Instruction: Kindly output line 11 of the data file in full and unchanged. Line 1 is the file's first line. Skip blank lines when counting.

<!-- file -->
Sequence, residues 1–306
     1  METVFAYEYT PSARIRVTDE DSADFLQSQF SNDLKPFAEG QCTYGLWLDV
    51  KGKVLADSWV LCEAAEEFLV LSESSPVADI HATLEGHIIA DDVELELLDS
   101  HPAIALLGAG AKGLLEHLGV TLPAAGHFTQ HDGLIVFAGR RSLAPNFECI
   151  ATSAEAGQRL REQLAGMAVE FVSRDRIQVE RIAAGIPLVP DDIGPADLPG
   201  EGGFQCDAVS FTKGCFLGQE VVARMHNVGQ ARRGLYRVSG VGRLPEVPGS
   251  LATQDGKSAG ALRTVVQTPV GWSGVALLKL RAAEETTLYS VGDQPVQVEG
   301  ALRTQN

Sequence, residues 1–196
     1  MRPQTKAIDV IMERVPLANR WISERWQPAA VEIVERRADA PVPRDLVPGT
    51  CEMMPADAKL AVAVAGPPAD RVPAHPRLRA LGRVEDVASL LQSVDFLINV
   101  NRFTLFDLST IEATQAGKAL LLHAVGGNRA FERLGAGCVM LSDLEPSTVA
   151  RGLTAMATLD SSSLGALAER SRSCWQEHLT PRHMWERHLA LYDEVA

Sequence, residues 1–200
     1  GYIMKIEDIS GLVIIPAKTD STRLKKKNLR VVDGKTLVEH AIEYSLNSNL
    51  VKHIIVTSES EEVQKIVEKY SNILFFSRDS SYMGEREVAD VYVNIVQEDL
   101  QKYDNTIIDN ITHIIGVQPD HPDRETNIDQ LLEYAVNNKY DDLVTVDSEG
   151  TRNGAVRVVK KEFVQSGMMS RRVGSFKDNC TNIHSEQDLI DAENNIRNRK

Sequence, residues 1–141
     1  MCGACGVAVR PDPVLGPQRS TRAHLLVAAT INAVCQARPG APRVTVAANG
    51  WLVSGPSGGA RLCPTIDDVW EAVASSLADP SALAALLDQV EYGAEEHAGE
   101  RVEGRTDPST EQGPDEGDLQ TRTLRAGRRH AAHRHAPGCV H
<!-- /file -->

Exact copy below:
    51  CEMMPADAKL AVAVAGPPAD RVPAHPRLRA LGRVEDVASL LQSVDFLINV